What explains the lack of appeal to many mathematicians of the kind of argument that shows up in the setting of philosophy of mathematics isn’t only the reader’s looking for something lighter. It can be argued that the reason for wading through long arguments such as the classification of finite simple groups is that one ends with a conclusion that is indisputable. The same could apply to, say, Andrew Wiles’s proof of Fermat’s Last Theorem. In mathematical reasoning, one reaches the top of a mountain.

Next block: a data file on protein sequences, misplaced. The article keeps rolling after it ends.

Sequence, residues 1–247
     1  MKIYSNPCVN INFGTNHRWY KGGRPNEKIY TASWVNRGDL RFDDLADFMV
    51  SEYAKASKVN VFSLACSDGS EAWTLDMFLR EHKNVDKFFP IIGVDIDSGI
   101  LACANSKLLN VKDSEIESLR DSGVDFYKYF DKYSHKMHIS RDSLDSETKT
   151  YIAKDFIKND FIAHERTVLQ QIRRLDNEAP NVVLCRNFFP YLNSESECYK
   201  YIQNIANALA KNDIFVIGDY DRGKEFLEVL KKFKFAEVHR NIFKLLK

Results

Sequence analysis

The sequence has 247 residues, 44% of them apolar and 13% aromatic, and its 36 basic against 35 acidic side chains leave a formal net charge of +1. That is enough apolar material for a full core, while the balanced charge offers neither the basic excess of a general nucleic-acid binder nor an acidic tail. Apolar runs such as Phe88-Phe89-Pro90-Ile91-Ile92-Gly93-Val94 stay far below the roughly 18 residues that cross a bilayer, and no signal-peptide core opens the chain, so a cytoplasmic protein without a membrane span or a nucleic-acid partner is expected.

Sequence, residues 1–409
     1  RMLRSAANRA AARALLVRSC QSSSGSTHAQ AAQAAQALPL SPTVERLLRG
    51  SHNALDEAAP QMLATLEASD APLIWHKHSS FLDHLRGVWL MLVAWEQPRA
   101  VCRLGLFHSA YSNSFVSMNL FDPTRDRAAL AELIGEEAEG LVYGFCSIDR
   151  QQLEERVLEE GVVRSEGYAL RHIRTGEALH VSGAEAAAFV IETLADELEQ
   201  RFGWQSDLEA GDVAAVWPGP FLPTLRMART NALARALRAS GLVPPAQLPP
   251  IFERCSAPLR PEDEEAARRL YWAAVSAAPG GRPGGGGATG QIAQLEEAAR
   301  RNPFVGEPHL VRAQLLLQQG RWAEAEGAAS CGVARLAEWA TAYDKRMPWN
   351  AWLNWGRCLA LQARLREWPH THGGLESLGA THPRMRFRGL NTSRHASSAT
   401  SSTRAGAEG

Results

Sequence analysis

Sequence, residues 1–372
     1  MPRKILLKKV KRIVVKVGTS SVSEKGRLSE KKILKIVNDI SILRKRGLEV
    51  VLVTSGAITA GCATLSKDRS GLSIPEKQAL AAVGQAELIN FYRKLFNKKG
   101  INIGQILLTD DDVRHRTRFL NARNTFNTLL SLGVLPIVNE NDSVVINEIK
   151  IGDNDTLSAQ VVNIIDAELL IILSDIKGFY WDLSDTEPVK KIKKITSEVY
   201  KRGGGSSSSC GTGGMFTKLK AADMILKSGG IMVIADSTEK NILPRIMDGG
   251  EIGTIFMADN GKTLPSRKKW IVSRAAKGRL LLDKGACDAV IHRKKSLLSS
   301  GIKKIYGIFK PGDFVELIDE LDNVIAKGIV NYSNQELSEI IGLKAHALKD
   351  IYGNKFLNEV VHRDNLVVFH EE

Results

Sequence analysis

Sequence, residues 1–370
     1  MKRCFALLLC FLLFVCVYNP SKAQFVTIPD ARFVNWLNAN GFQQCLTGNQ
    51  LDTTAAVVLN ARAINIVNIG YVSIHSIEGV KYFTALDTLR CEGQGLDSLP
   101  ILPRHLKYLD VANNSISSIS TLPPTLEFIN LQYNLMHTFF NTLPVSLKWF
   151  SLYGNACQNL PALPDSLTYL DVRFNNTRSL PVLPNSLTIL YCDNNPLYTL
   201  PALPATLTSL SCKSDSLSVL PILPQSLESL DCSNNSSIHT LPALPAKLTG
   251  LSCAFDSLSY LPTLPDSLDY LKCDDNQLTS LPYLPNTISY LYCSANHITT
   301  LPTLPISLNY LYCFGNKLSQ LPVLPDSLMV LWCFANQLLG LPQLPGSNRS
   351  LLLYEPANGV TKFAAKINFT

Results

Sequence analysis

By contrast, after a heavy dose of closely reasoned philosophy, the conclusion at which one arrives is likely to be the object of a symposium in which various reasons for doubting it are advanced. After the letter Russell wrote to Frege in 1902 pointing out the paradox named for him, one might have thought (with Frege) that his system was in ruins. The prevalence of neo-Fregean attempts to resuscitate the Fregean system (see, for example, John Burgess’s Fixing Frege [2], as well as many papers by Crispin Wright and Bob Hale) shows that Frege may have been buried prematurely. In view of the shortage of knock-down arguments in philosophy, the value of investing many hours of effort in any alternative system can be questioned. Those who spent their time working through Principia Mathematica may have decided against similar investments in other systems, e.g., W.V.O. Quine’s New Foundations.